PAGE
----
- Dog Breed Group
- Working Dogs
- Origin of Breed
- All colours and colour combinations.
- All over the body a thick undercoat and a medium length, loosely lying, harsh top coat. Short coat on muzzle, face, ears and fro
- Self assured, calm, even tempered with high resistance against any provocation. Watchful and alert without being noisy. Very str
- Good with Children
- This dog is excellent with children and bonds well with family members.
- Average Size - Male (in)
- 20 - 23 inches
- Average Size - Female (in)
- 19 - 22 inches
- Average Weight - Male (lbs)
- 50 - 70 lbs
- Average Weight - Female (lbs)
- 40 - 57 lbs
The Eurasier is relatively new to North America, but is quite popular in its native Germany where it is known as the "ideal housedog". It is a medium sized spitz breed with a thick woolly undercoat, and soft, rich, medium length outer coat in various colors, ranging from fawn or beige to mahogany red, and wolf-gray to black. Its bushy tail curls proudly over its back, and the dark, almond-shaped eyes exhibit a frank, intelligent expression. Interestingly, the Eurasier can also have a blue-black or spotted tongue.
The Eurasier is a clean and quiet dog with a tender and affectionate nature, and is well suited to family life. It enjoys children and adopts a paternal attitude with infants, never displaying any jealousy toward them. It is important to note that while hardy enough to live outside, Eurasiers must be allowed to reside indoors! If not included in everyday family activities their spirit will be broken, and they will also suffer from loneliness and pine away if kept outdoors or in a kennel.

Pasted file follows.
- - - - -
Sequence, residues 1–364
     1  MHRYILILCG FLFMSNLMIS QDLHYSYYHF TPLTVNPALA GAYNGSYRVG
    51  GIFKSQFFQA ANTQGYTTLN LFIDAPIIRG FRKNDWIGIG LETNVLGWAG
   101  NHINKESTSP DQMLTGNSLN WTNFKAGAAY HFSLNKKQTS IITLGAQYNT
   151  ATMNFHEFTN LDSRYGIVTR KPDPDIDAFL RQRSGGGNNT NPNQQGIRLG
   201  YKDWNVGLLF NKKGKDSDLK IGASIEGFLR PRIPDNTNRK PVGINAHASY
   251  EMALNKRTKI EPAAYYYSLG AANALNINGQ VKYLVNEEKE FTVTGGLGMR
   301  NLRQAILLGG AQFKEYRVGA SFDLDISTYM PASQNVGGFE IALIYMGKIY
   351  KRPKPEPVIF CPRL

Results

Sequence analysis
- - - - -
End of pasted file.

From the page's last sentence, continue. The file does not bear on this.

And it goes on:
The Eurasier needs to be part of the household and is loyal to all members of the family. However, it has a reserved and distrustful demeanour toward strangers, and paired with a natural instinct to protect, it thus makes an excellent watchdog. It barks an alarm only when necessary, and when provoked emits a deep, wolf-like growl.
Eurasiers are highly intelligent, alert and quick-witted; very easily trained with an overwhelming desire to please. They are extremely sensitive to harsh words or discipline and respond best to soft reprimand. They can be quite mischievous during the first few months of puppyhood, but become more reserved as they mature. Nevertheless, adult dogs still can be extremely playful.
In 1960 a breed was evolved by crossing a Chow Chow and a Wolfspitz. This was first called "Wolf-Chow" and then, after crossing with a Samoyed, was re-named "Eurasier" (Eurasian).
Eurasiers are almost a well-kept secret, as Europeans have been very guarded about letting these dogs leave their countries. Those people privileged enough to own a Eurasier, are rewarded with having a loving companion of flawless character.
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